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The Snowdens of Yesteryear



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That the political celebrity du jour is named Snowden reminds me of one of the good passages in Joseph Heller’s comic novel Catch-22. I haven’t read it in years and I didn’t like it quite as much as everyone else did (I thought it was, among other things, overlong); I suspect it hasn’t aged especially well either; but the scene in which Yossarian comforts the dying airman Snowden is powerful and moving. I do not need to endorse some of the opinions the passage has been used to advance — it doesn’t, e.g., prove that World War II was wrong — but it undeniably evokes the tragic human cost of war. (Warning: The scene is extremely graphic and not for anyone who lacks a strong stomach. The excerpt can be found here.) I am especially grateful for Heller’s stressing — in a time when scientistic/philosophical materialism was already on the rise — that the human spirit is what is distinctive about human beings. In Aristotelian language, soul is “the form” of man  that which makes him man, as opposed to some other substance. I would object, from my religion’s perspective, to part of Heller’s phrasing, when he writes, “The spirit gone, man is garbage.” I believe that all of creation  not just the spiritual part  has dignity because it is the object of God’s creative purpose; so it’s not strictly speaking “garbage.” But Heller’s overstatement has value nonetheless, in stressing something that is these days too often denied. (Or, as Flannery O’Connor said: When you’re talking to the hard-of-hearing it’s okay to shout.)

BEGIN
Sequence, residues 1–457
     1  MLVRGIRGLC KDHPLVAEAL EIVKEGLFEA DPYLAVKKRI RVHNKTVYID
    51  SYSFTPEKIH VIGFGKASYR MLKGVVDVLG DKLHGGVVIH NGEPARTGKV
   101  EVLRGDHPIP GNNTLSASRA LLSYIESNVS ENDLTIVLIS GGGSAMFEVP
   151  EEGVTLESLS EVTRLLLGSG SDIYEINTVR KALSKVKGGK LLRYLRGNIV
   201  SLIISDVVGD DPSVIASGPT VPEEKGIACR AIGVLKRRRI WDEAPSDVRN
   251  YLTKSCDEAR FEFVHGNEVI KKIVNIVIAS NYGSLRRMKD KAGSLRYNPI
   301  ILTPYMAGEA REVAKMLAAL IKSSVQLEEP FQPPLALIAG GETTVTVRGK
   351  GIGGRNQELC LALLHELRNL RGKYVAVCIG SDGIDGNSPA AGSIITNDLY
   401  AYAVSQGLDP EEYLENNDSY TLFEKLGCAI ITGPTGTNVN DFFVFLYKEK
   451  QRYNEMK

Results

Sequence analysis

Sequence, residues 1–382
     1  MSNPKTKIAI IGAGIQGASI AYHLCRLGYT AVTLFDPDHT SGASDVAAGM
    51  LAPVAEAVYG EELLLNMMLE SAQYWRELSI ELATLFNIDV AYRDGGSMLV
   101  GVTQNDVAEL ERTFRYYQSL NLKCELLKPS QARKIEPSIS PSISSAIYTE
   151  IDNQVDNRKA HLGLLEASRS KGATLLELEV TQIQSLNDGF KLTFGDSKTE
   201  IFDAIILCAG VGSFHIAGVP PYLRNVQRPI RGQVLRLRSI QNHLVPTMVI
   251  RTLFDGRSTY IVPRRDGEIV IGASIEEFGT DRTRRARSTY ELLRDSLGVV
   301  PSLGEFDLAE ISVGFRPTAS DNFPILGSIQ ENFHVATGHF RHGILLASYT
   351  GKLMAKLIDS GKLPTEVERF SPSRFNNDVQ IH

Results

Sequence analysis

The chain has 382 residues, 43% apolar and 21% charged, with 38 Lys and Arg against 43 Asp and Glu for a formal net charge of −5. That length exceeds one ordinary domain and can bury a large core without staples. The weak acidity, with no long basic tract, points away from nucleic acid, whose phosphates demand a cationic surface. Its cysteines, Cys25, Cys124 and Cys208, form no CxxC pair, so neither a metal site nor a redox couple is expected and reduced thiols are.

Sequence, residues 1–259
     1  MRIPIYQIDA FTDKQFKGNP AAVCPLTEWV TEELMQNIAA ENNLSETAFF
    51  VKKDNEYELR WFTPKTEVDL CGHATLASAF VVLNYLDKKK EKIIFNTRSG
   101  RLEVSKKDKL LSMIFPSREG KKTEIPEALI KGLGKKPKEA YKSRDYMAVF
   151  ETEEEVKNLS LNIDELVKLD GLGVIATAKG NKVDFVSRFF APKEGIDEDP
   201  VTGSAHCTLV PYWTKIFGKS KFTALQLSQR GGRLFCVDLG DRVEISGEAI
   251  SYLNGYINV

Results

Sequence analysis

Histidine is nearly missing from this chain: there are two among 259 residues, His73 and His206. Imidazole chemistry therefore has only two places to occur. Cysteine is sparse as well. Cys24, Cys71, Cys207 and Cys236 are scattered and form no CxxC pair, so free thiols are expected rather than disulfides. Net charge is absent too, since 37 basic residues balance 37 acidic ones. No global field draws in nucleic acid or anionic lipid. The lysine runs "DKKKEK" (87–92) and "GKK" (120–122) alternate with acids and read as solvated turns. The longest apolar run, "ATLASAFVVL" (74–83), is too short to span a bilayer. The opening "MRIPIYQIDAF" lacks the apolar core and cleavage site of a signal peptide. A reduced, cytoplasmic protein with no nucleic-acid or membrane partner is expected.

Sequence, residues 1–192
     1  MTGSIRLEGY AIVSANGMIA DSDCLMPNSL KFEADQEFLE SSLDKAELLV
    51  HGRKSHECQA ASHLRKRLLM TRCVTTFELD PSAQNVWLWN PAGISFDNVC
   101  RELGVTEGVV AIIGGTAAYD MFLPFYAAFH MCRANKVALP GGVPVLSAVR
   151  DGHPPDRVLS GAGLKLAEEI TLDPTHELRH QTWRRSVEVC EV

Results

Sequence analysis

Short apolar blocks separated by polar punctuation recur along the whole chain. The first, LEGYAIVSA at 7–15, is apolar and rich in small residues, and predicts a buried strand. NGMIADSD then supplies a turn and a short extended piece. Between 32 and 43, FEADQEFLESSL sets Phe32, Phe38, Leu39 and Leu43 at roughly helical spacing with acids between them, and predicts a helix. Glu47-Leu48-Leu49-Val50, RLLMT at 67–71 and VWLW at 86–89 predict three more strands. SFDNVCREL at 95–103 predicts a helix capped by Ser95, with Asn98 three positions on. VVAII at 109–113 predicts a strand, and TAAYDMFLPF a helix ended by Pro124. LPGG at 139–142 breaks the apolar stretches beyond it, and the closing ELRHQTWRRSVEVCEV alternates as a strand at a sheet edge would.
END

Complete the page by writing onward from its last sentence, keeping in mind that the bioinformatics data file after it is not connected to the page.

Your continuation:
PS. The title of the post comes from another scene in Catch-22, in which Yossarian invokes the famous François Villon poem.



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